5 Reasons Why NYU’s Expansion Plan Reeks of 1% Greed
The expansion is a classic too-big-to-fail project — and you or your kids may be picking up the $5 billion tab.
July 30, 2012
It looks like historic Greenwich Village might be getting a loud, expensive, corporate makeover—and you or your kids may pick up the billion-dollar bill.
Last Wednesday, the New York City Council approved New York University’s controversial Sexton Plan (named after NYU president John Sexton), which calls for a nearly 2-million-square-foot expansion of the Manhattan-based university that will convert Kerouac’s haunts and community gardens into ID-access-only dorms and full-priced bookstores. Many fear that the 20-year construction job, which is projected to cost between $4 and $5 billion and is opposed by residents and university faculty, will be funded by generations of future students and possibly even NYC taxpayers.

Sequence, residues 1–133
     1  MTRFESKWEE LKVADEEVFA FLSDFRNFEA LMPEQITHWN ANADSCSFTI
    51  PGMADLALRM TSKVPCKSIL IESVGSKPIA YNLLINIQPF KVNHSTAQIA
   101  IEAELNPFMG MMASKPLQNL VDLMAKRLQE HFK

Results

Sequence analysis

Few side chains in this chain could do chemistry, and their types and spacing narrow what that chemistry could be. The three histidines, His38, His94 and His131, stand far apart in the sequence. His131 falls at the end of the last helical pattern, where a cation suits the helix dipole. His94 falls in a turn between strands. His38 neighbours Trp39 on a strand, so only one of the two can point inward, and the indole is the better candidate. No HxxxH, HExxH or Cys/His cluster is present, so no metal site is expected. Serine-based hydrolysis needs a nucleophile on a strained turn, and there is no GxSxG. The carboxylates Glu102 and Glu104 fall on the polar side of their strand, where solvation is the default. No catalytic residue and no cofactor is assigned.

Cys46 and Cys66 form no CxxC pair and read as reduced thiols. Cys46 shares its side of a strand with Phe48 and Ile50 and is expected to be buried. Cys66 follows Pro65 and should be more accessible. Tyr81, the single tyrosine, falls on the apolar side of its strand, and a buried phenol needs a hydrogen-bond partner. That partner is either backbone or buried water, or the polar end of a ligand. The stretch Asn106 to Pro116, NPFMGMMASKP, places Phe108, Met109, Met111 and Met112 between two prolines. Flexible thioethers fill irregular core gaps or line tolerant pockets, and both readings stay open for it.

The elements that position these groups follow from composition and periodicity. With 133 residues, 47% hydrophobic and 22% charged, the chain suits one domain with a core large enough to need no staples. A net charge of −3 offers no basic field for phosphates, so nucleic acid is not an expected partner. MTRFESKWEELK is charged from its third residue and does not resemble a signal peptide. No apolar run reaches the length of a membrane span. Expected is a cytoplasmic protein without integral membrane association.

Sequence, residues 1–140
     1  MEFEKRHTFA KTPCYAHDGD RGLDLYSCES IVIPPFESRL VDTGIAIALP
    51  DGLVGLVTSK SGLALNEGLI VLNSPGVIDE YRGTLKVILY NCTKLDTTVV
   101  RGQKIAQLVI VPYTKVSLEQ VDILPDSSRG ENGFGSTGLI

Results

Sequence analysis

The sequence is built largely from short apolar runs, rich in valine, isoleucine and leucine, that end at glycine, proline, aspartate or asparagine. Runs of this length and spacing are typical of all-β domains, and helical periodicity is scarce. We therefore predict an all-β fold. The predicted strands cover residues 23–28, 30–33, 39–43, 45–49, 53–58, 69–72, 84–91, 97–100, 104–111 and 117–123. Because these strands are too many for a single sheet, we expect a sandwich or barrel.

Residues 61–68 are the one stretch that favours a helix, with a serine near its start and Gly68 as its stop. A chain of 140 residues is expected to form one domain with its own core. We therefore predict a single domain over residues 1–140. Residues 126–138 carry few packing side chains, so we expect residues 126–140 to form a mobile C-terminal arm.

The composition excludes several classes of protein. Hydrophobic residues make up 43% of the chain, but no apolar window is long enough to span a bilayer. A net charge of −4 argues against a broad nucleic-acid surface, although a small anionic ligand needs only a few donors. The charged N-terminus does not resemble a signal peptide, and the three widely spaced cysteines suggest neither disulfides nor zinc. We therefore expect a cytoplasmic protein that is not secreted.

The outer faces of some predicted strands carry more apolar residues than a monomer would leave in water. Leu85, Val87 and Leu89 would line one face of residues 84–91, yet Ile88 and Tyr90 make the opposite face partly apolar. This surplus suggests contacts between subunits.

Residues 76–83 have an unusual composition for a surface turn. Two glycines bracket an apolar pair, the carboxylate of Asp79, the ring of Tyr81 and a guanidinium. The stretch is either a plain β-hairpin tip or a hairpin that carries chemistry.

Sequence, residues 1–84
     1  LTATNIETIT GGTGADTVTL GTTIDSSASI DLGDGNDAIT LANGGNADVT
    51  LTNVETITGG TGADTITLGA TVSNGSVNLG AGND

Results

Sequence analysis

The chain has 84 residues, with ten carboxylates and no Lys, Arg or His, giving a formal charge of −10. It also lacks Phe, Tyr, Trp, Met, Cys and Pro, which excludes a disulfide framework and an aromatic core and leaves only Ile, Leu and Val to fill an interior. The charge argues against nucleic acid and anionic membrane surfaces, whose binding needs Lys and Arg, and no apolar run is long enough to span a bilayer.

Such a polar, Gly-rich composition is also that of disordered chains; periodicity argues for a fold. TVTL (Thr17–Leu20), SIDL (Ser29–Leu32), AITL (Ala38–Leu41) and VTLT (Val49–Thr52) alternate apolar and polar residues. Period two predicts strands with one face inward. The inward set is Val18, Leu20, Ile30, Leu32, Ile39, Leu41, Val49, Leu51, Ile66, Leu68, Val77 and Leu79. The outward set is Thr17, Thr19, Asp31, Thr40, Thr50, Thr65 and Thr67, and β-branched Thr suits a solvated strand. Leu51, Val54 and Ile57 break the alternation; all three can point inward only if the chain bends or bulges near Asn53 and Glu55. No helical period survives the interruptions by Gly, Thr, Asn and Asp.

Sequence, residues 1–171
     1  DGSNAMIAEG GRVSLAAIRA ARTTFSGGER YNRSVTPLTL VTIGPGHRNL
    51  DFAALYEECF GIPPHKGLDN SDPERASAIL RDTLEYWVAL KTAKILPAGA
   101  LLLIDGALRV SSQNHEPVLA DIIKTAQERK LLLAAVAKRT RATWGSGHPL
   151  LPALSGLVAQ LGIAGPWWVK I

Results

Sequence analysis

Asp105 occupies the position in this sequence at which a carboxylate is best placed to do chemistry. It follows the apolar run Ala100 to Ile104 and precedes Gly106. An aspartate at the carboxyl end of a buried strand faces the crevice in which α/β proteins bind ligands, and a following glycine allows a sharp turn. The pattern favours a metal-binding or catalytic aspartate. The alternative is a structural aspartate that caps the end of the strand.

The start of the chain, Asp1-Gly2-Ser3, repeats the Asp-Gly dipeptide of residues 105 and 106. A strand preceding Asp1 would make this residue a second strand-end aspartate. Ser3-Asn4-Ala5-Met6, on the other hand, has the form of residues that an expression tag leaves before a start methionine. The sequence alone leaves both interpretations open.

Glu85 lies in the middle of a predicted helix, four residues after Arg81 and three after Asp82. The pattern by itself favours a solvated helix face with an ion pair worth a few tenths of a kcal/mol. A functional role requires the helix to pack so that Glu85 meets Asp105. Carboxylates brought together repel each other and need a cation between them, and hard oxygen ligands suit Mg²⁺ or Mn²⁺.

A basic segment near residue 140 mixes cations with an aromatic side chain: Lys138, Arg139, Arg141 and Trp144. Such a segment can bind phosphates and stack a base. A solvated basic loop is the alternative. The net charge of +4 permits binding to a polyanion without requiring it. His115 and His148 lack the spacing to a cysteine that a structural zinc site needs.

Of course, 1% real estate deals are nothing new in New York. The landscape of the Big Apple, especially Manhattan, is already a physical manifestation of power unrivaled by any other city in the United States. Despite strict zoning laws and tenants’ rights, the unchecked gentrification and ever-rising skyscrapers attest to the ability of those with money to shape New York City as deftly as a child playing with a block set. From the bulldozing of thousands of low-income units to make way for Rockefeller Center in 1932 to the building of an entire Goldman Sachs village near Battery Park in 2012, New York City is a real estate mogul’s paradise.